« Reply #33 on: February 27, 2017, 12:13:24 AM »
My pet peeve is the comma splice.  *shudder*

And what is that when it's at home?

Offline Ann in Arlington

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Re: Anyone else get turned off by grammar/punctuation issues?
« Reply #34 on: February 27, 2017, 02:53:16 PM »
And what is that when it's at home?

Basically: using a comma when you should have used a semi-colon or else made it two sentences. Though, personally, while I will notice such a thing, there are lots of other usage quirks that are more annoying to me.

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Offline Jeff Tanyard

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Re: Anyone else get turned off by grammar/punctuation issues?
« Reply #35 on: February 27, 2017, 04:16:41 PM »
And what is that when it's at home?

I don't understand your question.

Basically: using a comma when you should have used a semi-colon or else made it two sentences.

Yep.  You can also fix a comma splice by adding a conjunction.

A famous example of the comma splice is the opening line of A Tale of Two Cities.  It's chock full of the things:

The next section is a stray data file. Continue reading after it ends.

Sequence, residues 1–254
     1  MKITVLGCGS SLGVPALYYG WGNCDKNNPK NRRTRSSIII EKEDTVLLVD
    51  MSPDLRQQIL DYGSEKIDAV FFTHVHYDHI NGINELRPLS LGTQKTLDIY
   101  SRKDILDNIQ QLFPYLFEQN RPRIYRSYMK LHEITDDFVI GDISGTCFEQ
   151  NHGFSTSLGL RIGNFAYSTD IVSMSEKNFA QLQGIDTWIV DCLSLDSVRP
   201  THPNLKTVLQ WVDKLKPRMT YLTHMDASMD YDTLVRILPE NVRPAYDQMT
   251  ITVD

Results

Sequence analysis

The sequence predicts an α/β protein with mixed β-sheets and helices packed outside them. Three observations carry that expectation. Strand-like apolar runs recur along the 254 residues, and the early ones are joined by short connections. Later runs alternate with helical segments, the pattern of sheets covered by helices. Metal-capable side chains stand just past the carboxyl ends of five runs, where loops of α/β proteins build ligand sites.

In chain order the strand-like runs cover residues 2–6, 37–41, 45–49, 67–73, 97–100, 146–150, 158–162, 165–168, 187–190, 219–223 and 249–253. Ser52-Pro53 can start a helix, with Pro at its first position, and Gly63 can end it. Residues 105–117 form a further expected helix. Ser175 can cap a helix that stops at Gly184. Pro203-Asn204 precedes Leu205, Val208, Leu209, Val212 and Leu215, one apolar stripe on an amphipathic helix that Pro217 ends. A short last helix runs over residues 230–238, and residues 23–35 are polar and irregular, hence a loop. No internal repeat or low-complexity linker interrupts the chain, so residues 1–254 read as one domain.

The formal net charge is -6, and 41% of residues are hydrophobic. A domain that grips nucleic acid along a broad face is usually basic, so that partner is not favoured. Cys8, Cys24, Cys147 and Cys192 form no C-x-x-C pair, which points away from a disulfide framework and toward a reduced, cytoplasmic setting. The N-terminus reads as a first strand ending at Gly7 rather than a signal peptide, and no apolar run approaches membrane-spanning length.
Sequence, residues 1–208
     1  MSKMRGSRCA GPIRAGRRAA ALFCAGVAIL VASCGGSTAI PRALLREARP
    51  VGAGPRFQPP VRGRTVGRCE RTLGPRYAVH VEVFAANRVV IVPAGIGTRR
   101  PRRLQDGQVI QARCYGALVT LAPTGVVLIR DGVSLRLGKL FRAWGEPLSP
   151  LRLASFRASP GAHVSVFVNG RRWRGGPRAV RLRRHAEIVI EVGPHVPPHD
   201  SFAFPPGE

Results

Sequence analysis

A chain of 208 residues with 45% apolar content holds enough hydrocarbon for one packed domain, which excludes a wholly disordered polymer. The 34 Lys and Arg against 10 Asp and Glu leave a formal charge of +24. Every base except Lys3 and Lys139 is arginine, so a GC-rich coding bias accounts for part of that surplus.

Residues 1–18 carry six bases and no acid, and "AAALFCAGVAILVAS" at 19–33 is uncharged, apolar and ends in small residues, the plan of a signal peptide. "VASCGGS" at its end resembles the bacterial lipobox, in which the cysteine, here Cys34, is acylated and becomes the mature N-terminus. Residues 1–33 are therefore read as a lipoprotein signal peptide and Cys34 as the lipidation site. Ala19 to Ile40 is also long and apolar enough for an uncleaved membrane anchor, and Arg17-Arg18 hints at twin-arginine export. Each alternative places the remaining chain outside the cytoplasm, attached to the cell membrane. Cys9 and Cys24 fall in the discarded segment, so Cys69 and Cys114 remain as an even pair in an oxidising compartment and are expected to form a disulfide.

Quote
It was the best of times, it was the worst of times, it was the age of wisdom, it was the age of foolishness, it was the epoch of belief, it was the epoch of incredulity, it was the season of Light, it was the season of Darkness, it was the spring of hope, it was the winter of despair, we had everything before us, we had nothing before us, we were all going direct to Heaven, we were all going direct the other way in short, the period was so far like the present period, that some of its noisiest authorities insisted on its being received, for good or for evil, in the superlative degree of comparison only.

If I had been Dickens' editor...   >:(
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Offline TimothyEllis

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Re: Anyone else get turned off by grammar/punctuation issues?
« Reply #36 on: February 27, 2017, 05:18:54 PM »
Quote